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Use Care in Classifying Employees as Independent Contractors

The Hartmann Law Firm LLC
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When you run a business, you engage people to help you sustain and grow it. Sometimes you hire employees; sometimes you bring on consultants or independent contractors. While we sometimes think it is less expensive to hire a contractor in order to save on various tax and benefit expenses, the issue is far more complex than cost savings. If a company designates someone as a contractor but treats the person as an employee, the negative consequences will far exceed the intended cost savings in terms of back pay, penalties, and lost productivity.

Employees Versus Independent Contractors.

For employees, company must not only pay the salary or hourly wage rate, but must withhold income taxes, withhold and pay Social Security (FICA) and Medicare taxes, and possibly pay unemployment compensation upon the departure of the person.

With independent contractors, the company pays only the agreed amount set forth in the contract. The independent contractor is just that - independent and a contractor. He is not part of the company.

As a result, companies may be tempted to treat people who would normally be considered employees as independent contractors. But this is not a "saving money" issue. It is a legal, employment and tax issue with huge consequences.

The IRS Test

In determining whether someone is an employee or an independent contractor, the Internal Revenue Service looks at a 20 part test, which focuses largely on the level of control the employing company has over the employee or consultant. The more control the company has, the more likely the person is an employee.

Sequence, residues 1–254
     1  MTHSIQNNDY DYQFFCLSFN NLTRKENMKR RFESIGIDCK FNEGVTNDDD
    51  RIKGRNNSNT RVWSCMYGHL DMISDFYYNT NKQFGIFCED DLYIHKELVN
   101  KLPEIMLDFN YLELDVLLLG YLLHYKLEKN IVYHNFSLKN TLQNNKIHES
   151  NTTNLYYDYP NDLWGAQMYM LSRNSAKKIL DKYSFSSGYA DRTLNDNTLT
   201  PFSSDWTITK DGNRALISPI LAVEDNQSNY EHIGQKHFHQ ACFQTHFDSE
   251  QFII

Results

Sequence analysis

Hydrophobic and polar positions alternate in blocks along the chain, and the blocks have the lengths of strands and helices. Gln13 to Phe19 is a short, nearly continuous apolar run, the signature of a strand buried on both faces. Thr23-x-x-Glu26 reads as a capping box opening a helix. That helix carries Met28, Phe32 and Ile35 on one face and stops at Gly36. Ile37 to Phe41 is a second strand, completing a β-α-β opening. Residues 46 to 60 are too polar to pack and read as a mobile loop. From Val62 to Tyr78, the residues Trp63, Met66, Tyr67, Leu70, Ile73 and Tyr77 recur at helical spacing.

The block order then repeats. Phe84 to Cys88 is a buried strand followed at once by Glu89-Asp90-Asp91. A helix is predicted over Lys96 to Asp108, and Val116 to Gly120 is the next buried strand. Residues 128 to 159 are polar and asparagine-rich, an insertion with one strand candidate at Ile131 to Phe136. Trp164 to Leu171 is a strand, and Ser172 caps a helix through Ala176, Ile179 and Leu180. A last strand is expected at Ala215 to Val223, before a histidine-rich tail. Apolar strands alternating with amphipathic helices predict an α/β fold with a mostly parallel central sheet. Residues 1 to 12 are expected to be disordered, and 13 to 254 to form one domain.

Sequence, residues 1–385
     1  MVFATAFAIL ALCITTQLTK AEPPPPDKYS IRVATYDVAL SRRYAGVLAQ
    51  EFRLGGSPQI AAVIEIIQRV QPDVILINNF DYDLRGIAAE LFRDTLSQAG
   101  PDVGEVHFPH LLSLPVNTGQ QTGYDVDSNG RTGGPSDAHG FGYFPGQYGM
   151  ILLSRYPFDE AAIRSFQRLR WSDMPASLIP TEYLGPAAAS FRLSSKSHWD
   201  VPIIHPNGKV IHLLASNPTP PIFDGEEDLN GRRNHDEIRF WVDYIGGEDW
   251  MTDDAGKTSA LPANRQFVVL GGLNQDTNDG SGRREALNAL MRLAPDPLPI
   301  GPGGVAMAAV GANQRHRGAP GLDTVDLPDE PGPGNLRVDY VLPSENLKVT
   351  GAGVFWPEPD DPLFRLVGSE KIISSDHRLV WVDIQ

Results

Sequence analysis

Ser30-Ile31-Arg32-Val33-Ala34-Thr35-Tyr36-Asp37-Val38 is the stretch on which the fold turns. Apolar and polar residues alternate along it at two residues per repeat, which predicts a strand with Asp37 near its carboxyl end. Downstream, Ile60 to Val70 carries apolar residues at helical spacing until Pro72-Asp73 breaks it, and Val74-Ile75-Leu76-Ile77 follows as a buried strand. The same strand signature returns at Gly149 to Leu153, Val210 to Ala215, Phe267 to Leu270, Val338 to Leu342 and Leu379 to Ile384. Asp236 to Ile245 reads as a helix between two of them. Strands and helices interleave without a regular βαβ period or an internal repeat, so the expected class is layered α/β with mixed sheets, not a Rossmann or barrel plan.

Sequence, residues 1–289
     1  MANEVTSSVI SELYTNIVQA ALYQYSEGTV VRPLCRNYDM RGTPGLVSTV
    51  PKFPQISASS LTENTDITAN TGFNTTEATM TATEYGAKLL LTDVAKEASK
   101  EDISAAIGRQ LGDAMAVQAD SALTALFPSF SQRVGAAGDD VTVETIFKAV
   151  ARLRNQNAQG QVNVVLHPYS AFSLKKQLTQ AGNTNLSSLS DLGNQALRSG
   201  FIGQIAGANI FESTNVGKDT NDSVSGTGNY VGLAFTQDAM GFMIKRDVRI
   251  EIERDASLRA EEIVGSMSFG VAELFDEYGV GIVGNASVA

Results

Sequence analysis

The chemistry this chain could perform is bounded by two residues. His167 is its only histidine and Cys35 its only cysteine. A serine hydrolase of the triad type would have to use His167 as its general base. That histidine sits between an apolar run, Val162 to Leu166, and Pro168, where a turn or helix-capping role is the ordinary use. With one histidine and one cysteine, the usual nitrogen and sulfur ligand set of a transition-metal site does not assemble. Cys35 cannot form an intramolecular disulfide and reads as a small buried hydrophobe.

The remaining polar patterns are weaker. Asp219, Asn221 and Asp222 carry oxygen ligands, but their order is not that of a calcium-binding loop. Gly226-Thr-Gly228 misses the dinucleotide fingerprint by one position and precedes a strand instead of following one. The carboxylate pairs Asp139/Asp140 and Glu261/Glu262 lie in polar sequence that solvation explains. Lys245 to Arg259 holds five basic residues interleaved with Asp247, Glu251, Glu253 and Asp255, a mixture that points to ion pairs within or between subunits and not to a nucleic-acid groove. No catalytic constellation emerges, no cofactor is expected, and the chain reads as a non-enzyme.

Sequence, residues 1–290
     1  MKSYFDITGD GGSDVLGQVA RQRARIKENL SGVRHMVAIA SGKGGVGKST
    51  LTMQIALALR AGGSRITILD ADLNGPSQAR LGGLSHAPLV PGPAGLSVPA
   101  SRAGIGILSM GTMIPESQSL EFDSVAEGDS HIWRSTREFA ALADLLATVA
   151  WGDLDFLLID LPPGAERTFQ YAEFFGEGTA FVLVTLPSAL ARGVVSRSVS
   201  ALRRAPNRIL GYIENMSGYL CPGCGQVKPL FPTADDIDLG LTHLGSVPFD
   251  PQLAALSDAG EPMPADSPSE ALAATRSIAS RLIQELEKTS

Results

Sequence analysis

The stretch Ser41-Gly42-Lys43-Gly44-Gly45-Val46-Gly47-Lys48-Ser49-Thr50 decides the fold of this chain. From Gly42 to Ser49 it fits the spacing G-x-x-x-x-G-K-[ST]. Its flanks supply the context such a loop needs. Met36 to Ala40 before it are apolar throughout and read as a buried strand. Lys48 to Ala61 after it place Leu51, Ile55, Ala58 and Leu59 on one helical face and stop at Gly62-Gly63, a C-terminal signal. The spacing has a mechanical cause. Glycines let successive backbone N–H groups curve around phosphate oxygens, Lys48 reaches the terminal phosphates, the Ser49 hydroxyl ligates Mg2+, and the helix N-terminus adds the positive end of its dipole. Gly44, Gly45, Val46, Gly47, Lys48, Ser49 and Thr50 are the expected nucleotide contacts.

For example, does the company provide tools for the person rather than requiring the person to supply his own? Does the company dictate hours of work? Does it specify exactly how the work is to be done? Is the employee or contractor doing the kind of work that the company does? What does the person's business card say? Does the person have a permanent office inside the company? Does the person have his or her own business? Does the person have customers beyond the company in question? Is a contract in place that spells out the status of the person and specifies that he is being treated as an independent contractor and not as an employee? While the last question is not a "factor," it may be a useful tool in helping the company show its analysis on the matter, if ever challenged.

New Jersey imposes an additional three part test that includes the following factors: (1) what is the level of control or direction over the person; (2) is the work being done outside the kind of work the company typically performs or performed at another place; and (3) does the person have an independent business through which he is performing the services?

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The Hartmann Law Firm LLC

56 Ellison Rd
Watchung, NJ 07069
Telephone: 908-731-6976 
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